Making choices

Strategy isn’t about coming up with cool ideas. It’s about making disciplined choices in response to key questions.

Editor's note: This is the first in a series about developing strategy. The other installments are about the why of ministry, answering where and how, and getting organized.

Determining a strategy is all about making choices. That idea sounds simple, but it challenges the notion that strategy is all about coming up with cool ideas.

In “Playing to Win: How Strategy Really Works,” business theorist Roger Martin and Proctor & Gamble CEO A.G. Lafley argue that strategy is making disciplined choices in response to key questions.

Church is not about winning, selling soap or making money. Books written by sports, military or business strategists can be difficult to interpret for our context. After teaching from Martin and Lafley’s work for a few years, I have come to translate their questions as follows:

  1. Why? What is the deepest aspiration?
  2. Where and with whom are we serving/transforming?
  3. How will we serve? What activities are needed?
  4. What capacities do we need to do “it”?
  5. What management systems are required to ensure the capacities are in place?

These questions cascade from one to the other, back and forth. Changing the answer to one will necessarily shape the options available in response to the others. Responding to the first question about “why” causes us to look deeply into my vocation as well as my organization’s. John Kotter calls this the “big opportunity.”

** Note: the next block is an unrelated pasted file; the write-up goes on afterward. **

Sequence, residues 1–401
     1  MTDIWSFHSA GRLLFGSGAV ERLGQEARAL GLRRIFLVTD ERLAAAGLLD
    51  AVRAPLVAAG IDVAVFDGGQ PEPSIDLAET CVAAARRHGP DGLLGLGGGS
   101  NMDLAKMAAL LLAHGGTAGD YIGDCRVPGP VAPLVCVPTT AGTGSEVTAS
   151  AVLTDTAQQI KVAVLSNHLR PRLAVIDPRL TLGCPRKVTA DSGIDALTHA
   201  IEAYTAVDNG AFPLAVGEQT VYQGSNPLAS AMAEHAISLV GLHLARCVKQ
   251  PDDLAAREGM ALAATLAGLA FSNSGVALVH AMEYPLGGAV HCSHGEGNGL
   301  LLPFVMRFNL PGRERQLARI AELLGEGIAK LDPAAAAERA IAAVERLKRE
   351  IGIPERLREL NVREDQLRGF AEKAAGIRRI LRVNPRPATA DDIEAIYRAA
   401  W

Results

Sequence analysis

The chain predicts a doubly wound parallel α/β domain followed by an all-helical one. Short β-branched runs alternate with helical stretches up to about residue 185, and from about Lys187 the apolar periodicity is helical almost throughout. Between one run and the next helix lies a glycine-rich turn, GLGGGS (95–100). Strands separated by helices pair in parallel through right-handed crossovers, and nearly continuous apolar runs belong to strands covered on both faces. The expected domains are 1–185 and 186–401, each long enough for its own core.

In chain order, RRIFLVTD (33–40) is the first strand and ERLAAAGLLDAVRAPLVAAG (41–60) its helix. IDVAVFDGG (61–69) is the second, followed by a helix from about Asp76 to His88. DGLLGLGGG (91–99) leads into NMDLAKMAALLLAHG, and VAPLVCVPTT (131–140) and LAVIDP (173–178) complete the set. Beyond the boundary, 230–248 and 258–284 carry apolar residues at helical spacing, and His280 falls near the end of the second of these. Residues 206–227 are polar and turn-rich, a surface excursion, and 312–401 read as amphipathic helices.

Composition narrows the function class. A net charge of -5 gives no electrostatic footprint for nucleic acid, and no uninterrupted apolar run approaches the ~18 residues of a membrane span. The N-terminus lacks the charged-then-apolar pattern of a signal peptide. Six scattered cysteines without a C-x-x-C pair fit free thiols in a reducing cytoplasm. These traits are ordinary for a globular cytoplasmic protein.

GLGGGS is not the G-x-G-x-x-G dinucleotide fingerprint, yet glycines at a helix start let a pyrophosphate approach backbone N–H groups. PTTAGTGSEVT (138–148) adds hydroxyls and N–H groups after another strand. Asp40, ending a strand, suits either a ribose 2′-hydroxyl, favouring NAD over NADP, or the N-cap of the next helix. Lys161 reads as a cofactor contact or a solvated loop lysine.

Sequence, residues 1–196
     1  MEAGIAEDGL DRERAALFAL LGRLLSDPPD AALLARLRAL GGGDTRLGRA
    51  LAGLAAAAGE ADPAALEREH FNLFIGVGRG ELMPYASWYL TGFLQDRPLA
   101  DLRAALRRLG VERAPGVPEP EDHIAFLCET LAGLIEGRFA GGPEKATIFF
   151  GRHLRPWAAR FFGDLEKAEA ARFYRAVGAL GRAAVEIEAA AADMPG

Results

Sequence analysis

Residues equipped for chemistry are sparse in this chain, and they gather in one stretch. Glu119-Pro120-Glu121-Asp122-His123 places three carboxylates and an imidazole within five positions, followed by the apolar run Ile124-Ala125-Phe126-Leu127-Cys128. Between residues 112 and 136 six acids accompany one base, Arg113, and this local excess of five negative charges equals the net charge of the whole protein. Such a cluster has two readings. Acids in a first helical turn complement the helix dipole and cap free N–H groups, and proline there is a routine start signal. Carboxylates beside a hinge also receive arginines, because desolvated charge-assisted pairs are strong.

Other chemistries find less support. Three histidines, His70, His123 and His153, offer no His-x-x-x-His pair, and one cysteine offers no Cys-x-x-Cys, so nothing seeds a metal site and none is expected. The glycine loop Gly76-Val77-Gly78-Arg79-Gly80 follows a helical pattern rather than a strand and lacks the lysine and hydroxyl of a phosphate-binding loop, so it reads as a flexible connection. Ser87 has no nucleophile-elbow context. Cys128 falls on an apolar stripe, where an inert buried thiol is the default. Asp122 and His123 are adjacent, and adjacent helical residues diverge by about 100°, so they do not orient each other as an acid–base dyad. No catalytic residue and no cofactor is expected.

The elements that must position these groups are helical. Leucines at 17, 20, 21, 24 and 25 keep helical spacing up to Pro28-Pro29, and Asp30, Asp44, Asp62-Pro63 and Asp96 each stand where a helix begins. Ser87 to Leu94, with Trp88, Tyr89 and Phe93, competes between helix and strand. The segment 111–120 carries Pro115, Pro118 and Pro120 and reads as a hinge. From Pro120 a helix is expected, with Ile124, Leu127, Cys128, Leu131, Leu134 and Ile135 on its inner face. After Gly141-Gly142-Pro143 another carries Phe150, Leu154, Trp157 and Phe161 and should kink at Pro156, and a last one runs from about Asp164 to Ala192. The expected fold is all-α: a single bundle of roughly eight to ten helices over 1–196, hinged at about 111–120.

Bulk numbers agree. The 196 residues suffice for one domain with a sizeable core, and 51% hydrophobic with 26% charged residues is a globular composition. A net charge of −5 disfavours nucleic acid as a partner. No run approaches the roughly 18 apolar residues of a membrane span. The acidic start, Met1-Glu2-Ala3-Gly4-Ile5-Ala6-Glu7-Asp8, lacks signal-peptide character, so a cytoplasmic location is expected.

Yet “why” does not tell us where to serve. “Why” does not give much direction in terms of staying or going from a particular place or institution. “Where” may have more impact on how we work than “why,” yet both are important. Management systems and capacities are in service to “how” and must align with “why.”

The various organizations I have served could often answer one of these questions but not the others. For example, the hospital had outstanding management systems. The budget was closely monitored, and we had good cash balances. Managers were expected to comply with every regulation. Internal auditors reviewed our files to insure that we were documenting that compliance. But most managers did not care about “why,” “where” or “how” I worked. If those questions arose the response was to hire a consultant to help answer those questions.

My disposition is to move quickly through questions about “why” and “where” and settle in on “how” concerns. I am most comfortable engaging practical questions. I greatly benefit from being in a team of folks who have dispositions to ask each of the five questions. We push each other in a way that the entire enterprise is stronger. Navigating such tension requires respect, but can be very fruitful.

Effective strategy is not a beautifully written plan or “cool” ideas. It is ongoing engagement of all of Martin and Lafley’s questions. Writing plans can help clarify thinking and create structures of accountability, but the strategy is in engaging the questions and connecting all of the responses.

What questions do you most often ask? Where can you find colleagues and friends keenly interested in other questions? How and when will you continue to answer the five questions?